Ground-based and satellite observations have shown that all late-type dwarfs possess hot outer envelopes, and that the chromospheric and coronal emissions observed from these envelopes vary significantly for a given, fixed spectral type. In addition, there is growing evidence for nonhomogeneous and locally strong magnetic fields in the atmospheres of these stars. It is obvious that any heating theory must account for these two observational constraints as well as for the mean level of heating.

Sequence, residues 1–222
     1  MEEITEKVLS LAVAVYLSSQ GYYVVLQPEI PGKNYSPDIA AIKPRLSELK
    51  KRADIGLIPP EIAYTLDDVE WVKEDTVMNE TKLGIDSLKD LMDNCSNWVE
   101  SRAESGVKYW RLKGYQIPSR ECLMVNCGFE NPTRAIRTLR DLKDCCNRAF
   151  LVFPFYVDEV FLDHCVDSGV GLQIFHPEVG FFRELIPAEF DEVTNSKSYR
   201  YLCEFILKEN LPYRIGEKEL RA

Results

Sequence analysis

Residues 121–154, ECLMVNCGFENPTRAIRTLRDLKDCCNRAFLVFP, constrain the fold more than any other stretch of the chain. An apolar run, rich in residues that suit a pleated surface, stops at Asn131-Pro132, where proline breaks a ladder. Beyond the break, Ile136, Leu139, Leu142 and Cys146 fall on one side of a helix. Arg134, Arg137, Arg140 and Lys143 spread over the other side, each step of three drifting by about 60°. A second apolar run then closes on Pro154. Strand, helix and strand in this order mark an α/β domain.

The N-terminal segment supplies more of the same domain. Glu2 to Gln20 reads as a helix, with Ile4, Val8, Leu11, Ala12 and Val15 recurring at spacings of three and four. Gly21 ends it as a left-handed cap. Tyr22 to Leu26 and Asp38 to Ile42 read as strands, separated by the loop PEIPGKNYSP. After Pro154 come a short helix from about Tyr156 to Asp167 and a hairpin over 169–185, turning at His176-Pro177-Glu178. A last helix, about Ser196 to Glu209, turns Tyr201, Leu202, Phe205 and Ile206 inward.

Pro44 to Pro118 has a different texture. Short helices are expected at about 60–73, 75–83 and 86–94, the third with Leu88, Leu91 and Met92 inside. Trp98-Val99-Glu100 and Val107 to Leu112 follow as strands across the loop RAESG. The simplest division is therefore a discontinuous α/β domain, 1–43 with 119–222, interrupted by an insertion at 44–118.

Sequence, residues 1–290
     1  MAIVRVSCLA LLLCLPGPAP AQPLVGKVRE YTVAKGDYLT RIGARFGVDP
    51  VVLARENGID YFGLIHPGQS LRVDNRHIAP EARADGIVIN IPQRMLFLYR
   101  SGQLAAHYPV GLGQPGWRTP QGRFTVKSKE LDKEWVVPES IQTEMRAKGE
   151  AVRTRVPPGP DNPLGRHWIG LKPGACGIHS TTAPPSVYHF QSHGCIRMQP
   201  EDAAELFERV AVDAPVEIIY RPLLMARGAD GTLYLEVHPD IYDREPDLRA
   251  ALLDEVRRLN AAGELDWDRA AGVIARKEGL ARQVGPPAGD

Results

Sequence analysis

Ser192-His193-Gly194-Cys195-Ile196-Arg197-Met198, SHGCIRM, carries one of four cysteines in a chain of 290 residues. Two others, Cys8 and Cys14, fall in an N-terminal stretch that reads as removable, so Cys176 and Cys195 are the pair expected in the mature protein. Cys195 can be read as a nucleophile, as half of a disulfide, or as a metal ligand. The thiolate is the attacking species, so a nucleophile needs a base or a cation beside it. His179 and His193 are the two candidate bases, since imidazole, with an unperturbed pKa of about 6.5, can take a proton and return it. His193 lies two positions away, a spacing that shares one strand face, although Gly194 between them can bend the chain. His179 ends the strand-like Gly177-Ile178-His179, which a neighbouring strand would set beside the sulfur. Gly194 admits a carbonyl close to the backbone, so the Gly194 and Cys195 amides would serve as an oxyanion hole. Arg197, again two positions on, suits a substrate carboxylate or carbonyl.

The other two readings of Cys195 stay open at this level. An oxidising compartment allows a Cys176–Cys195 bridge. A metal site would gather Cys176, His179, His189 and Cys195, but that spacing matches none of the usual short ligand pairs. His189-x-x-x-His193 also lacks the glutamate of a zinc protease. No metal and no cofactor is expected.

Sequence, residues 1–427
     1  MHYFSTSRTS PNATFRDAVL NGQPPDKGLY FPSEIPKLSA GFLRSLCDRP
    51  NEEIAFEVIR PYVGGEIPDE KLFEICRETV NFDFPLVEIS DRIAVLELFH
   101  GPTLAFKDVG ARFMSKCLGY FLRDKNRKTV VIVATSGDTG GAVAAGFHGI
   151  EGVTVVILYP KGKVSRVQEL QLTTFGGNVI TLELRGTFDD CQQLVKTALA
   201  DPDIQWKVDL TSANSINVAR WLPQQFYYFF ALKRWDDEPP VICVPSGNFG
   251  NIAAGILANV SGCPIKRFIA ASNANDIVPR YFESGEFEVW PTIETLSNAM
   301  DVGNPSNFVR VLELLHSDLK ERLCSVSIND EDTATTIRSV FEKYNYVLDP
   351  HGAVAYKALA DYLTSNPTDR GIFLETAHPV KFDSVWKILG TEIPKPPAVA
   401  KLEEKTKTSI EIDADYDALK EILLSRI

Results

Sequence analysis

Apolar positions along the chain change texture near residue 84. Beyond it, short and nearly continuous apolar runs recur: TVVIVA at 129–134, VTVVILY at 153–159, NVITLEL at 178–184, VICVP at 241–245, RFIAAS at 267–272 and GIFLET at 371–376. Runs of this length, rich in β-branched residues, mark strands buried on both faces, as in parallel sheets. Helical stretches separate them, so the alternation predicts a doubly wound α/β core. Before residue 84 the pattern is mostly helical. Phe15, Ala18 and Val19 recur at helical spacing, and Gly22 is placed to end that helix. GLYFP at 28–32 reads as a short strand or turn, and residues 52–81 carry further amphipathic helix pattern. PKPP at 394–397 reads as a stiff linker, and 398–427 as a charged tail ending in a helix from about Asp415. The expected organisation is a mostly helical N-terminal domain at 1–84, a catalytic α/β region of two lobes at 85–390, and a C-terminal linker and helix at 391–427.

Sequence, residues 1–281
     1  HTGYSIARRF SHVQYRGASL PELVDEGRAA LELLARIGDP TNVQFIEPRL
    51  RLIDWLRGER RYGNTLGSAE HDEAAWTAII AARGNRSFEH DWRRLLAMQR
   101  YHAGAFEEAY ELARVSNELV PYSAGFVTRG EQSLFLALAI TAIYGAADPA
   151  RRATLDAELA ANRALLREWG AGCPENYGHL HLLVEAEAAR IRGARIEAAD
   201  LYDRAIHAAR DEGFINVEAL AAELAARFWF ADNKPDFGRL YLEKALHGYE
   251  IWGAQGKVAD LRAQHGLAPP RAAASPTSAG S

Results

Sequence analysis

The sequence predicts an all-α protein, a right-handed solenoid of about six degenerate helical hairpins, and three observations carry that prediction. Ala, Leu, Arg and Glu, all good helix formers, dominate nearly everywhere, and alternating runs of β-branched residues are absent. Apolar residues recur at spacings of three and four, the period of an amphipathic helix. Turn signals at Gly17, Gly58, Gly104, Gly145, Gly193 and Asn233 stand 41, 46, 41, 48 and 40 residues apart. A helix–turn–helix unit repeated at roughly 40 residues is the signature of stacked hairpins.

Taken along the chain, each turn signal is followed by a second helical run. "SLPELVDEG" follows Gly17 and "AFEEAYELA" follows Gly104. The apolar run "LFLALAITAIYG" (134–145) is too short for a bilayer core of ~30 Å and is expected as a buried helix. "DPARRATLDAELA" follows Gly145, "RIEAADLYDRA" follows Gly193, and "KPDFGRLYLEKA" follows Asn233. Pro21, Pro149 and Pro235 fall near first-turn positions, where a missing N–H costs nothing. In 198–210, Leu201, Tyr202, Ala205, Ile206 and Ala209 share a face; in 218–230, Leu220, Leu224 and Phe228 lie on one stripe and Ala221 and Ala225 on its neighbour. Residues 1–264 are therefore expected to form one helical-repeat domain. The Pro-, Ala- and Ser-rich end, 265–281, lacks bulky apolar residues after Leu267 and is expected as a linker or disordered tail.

There are at least two general classes of models that deal with the required heating. The first class assumes that outer stellar atmospheres are heated by hydrodynamic (mainly acoustic) or magnctohydrodynamic (MHD) waves, and that these waves are generated by turbulent motions in the stellar convection zones. The second class considers dissipation of currents generated by photospheric motions as the primary source of energy. Neither observation nor theory has been able to definitively determine which one of these two general classes of models dominates in the atmospheric heating. The main aim of this paper is to briefly present recent developments in the MHD wave heating theory. The key problems that will be addressed are: where and how efficiently are MHD waves generated, and how do these waves propagate and dissipate energy?